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  • PhD, Florida: Electronic and Optoelectronic Materials and Devices, Thin Film Processing and Characterization

Professional Experience

Philip Rack is a Professor in the Materials Science and Engineering Department at the University of Tennessee, Knoxville. He is also the Director of the Center for Materials Processing.

Philip Rack earned his bachelor’s degree Magna Cum Laude in Materials Science and Engineering from the Georgia Institute of Technology in 1993, and his PhD in Materials Science and Engineering from the University of Florida in 1997. His dissertation research included thin film deposition, surface analysis, and theoretical modeling of optical transitions in thin film electroluminescent materials. In 1997, Rack joined Advanced Vision Technologies Inc. (AVT) as a Senior Research Scientist where he led their research on luminescent and field emitter materials and contributed to process development of their vacuum microelecronic devices. In 1999, Rack joined the faculty in the Microelectronic Engineering Department at the Rochester Institute of Technology. There he taught courses in thin film processing, materials characterization, and microlithography and performed research on VUV optical properties and vacuum microelectronic devices. In 2001 Rack joined the faculty at the University of Tennessee and is investigating emergent properties of nanoscale materials and devices, combinatorial thin film processing, fabrication of nanoscale devices, and nanoscale focused electron, ion and photon beam induced processing. Rack has authored or co-authored over 200 refereed journal articles (including 3 book chapters and 7 invited review articles) and has contributed to over 330 (70 invited) technical presentations at national and international conferences.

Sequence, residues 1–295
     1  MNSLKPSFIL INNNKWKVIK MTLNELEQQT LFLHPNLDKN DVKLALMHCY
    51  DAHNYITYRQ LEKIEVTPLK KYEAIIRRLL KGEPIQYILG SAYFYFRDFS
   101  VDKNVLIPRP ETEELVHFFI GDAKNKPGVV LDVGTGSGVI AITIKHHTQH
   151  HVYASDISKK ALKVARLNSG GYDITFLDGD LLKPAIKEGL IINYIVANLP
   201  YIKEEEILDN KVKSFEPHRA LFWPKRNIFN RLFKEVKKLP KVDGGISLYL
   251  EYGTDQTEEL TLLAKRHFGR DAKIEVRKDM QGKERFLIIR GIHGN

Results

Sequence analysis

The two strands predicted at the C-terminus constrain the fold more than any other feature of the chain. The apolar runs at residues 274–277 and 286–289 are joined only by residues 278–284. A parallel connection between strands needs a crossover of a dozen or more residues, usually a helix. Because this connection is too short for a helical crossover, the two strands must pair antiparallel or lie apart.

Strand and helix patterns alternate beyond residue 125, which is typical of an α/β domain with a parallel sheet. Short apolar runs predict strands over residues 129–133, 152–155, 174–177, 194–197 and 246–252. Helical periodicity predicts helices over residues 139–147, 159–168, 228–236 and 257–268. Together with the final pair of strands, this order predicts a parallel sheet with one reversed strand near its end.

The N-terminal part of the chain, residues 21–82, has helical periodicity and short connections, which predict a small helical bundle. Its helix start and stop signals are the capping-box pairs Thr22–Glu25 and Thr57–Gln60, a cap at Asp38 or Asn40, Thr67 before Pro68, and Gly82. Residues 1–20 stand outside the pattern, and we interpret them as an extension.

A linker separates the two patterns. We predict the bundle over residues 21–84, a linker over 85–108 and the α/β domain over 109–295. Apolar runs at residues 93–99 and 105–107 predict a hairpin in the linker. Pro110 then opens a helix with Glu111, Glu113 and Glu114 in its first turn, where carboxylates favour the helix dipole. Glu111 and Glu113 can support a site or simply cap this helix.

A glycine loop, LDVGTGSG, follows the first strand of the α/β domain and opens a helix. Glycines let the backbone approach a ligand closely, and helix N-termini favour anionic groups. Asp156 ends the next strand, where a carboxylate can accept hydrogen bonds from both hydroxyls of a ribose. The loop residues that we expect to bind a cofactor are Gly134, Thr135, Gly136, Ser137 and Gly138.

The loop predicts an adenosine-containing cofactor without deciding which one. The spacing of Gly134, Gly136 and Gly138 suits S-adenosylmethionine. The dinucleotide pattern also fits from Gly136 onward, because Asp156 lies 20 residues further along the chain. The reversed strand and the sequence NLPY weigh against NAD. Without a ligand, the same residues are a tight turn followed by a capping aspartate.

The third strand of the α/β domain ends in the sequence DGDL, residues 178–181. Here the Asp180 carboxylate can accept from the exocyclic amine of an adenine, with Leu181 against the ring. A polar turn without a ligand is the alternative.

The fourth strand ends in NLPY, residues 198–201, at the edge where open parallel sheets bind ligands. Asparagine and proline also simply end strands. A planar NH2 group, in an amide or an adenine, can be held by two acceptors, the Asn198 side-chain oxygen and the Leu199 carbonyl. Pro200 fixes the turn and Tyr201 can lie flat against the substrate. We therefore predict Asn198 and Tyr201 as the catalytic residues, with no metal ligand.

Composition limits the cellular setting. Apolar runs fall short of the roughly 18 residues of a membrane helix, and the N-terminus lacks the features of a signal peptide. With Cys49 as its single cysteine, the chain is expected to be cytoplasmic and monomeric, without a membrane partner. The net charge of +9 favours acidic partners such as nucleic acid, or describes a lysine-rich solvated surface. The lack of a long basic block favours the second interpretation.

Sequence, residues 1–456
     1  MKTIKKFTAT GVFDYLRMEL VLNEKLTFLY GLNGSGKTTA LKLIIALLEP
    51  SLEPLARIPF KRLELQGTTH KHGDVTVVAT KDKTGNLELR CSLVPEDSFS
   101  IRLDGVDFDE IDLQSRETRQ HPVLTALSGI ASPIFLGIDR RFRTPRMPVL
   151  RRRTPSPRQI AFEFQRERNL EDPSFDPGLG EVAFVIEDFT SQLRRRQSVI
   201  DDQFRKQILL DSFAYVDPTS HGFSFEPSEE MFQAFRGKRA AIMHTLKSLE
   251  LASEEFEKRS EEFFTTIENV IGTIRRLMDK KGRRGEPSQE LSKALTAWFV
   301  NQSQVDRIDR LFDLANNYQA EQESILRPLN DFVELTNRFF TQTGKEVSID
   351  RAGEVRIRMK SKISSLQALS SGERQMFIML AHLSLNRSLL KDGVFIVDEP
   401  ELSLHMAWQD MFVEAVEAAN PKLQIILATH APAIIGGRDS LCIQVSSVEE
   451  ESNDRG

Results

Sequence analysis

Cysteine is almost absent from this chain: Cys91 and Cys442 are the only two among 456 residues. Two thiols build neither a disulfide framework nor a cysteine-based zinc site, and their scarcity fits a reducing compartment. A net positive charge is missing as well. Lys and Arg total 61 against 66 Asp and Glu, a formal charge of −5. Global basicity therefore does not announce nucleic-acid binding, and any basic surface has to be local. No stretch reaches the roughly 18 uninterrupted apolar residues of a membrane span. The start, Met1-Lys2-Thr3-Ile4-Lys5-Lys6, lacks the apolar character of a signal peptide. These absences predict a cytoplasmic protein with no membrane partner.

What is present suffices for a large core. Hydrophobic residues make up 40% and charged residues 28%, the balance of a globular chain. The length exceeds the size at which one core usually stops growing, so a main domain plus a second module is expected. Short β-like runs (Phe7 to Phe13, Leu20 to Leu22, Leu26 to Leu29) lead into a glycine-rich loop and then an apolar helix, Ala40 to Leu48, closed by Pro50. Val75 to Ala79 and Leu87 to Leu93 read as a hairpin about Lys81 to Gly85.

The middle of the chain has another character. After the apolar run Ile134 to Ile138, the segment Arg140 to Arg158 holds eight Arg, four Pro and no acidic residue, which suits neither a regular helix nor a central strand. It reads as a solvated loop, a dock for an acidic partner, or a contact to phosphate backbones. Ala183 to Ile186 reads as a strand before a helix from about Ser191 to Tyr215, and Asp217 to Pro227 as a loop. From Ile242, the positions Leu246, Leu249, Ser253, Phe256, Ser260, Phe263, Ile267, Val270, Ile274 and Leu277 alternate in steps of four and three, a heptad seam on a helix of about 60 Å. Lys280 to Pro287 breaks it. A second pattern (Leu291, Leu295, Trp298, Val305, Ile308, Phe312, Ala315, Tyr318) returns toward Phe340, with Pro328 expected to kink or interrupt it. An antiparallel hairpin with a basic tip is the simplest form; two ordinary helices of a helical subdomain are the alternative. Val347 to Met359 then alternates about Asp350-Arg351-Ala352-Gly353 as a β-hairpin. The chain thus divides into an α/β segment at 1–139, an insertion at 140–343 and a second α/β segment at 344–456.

Research Interests

Professional Service

  • Member, MRS
  • Fellow, AVS (executive committee of thin film division)

Honors and Awards

  • 2020, 2016, 2013 University of Tennessee College of Engineering Research Fellow Award
  • 2018 AVS Fellowship
  • 2017, 2016 CNMS Division Award for Distinguished Scientific Paper, ORNL